Artificial Intelligence And Value InvestingAlpha Architect
Artificial Intelligence and Value Investing
- Korok Ray
- Journal of Investing, Spring 2018
- A version of this paper can be found here
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What are the Research Questions?
The paper investigates the following research question:
- Can machines allocate capital in the classic style of a value investor like Benjamin Graham or Warren Buffett?
What are the Academic Insights?
By connecting two broad and disparate areas (the innovative AI domain and the more old-fashioned value investing), the author speculates:
- YES- With the right kind of AI it will be possible.
The author covers three specific areas of AI that are relevant in the domain of value investing:
- SEARCH- For value investing (purchasing stocks at a price below their intrinsic value), the search problem has both quantitative ( accounting ratios for instance) and qualitative aspects (guidance during conference calls). It is with the second ones that AI can shine. For example, it could be that managers who discuss their firm in conservative language are more likely to represent a value company. Capturing this is possible with textual mining.
- LEARNING- There are two categories of learning: “supervised” and “unsupervised.” In the first category, there is human supervision where a human classifies a set of input-output pairs according to one or multiple hypotheses, which is the so-called training set that is fed to the machine. The main issue here is to have a sufficient training set ( value investors typically have small concentrated portfolios of stocks, which will require supplementing the set with intermediate data). In the second category, the computer learns on its own. This is where the cutting edge is. It is called reinforcement learning. For value investing, it means that the computer needs to simulate the selection of the attributes that lead to the selection of securities.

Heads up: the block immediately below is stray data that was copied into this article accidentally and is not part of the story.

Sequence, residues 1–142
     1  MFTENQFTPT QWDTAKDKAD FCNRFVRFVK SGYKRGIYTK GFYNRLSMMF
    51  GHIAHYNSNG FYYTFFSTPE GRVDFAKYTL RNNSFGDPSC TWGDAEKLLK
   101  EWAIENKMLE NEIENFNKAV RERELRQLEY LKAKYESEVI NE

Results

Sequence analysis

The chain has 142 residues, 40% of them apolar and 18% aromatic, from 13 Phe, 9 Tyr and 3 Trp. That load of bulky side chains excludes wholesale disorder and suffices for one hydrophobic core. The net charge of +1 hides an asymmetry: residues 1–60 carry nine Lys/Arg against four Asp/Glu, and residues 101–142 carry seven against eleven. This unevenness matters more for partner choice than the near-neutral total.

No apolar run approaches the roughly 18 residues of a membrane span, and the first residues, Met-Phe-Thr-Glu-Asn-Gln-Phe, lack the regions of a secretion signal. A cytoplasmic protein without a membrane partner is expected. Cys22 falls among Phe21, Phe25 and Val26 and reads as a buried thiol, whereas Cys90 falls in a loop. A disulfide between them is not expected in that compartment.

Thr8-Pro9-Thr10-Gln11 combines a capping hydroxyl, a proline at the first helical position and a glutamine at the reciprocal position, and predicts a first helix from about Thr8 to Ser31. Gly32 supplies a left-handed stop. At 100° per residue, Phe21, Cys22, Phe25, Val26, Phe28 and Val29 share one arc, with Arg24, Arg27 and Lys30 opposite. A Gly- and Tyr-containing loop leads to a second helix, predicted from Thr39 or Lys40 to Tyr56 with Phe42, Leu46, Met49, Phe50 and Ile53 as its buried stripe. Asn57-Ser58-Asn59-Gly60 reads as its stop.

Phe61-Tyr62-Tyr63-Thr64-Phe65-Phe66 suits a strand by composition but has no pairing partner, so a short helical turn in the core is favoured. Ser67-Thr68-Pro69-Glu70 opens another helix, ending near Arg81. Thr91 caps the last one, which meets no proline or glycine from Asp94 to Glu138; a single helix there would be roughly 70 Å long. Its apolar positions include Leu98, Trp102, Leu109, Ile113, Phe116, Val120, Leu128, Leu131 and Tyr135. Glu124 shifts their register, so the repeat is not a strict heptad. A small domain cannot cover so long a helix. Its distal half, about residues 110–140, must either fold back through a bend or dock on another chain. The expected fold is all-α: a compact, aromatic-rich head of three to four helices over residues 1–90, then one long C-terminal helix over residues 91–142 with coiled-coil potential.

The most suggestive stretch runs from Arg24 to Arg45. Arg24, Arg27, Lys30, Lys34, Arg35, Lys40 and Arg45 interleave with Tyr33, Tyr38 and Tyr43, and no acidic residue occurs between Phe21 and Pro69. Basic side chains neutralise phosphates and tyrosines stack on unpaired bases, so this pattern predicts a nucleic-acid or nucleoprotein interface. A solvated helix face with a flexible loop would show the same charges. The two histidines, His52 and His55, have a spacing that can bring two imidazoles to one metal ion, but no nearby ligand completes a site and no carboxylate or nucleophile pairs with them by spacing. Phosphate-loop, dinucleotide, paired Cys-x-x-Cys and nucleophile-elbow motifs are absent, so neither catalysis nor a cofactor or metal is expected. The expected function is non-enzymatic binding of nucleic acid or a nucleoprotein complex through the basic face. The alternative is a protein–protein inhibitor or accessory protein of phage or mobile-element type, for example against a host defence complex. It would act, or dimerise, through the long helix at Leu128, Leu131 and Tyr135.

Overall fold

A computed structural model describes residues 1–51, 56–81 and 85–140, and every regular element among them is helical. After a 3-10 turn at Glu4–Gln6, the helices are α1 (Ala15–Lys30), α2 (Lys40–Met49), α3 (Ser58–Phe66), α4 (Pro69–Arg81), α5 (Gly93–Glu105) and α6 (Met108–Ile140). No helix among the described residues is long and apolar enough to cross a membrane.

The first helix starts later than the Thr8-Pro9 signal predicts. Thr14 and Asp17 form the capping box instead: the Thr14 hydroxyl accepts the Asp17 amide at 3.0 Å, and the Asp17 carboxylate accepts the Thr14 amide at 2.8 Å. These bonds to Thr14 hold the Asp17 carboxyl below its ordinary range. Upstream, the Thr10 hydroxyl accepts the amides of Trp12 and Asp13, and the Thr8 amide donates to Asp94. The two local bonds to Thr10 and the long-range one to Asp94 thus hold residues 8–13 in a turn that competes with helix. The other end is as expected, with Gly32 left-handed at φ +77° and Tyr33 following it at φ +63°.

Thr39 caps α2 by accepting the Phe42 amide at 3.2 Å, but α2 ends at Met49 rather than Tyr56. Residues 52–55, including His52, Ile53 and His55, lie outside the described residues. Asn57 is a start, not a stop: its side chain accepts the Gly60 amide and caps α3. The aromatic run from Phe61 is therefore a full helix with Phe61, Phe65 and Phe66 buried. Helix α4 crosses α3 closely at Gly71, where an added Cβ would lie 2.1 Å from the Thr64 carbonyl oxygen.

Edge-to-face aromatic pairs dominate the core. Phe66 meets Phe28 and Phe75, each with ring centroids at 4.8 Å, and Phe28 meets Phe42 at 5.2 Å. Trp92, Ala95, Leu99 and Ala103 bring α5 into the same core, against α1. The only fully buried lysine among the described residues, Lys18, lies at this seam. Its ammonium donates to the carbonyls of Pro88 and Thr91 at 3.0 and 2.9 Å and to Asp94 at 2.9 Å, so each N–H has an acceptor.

- REASONING-This is a goal of computer science, that has not been reached yet but could very realistically happen in the near future. In value investing, it could mean the possibility for a computer to reason about managerial attributes and company quality based on what is and what is not disclosed in its financials.
Why does it matter?
Value investing is about rationality in the face of irrational sentiment and mass investor psychology (Brandes, 1998). The irrationality of human investors drives prices away from their fundamental value. Computers, rational machine, should be at an advantage compared to the discretionary investment manager. The author suggests that the value investing community should embrace, rather than fight, the AI secular trend. After all, computation can assist human reasoning.
The results are hypothetical results and are NOT an indicator of future results and do NOT represent returns that any investor actually attained. Indexes are unmanaged, do not reflect management or trading fees, and one cannot invest directly in an index.
Artificial intelligence (AI) has proved useful in high-frequency trading, but less so in classical value investing. This article speculates on how recent advances in AI may be profitably employed for long-term, buy-and-hold discretionary value investing. The core idea is relying on the ability of machines to reason and learn.
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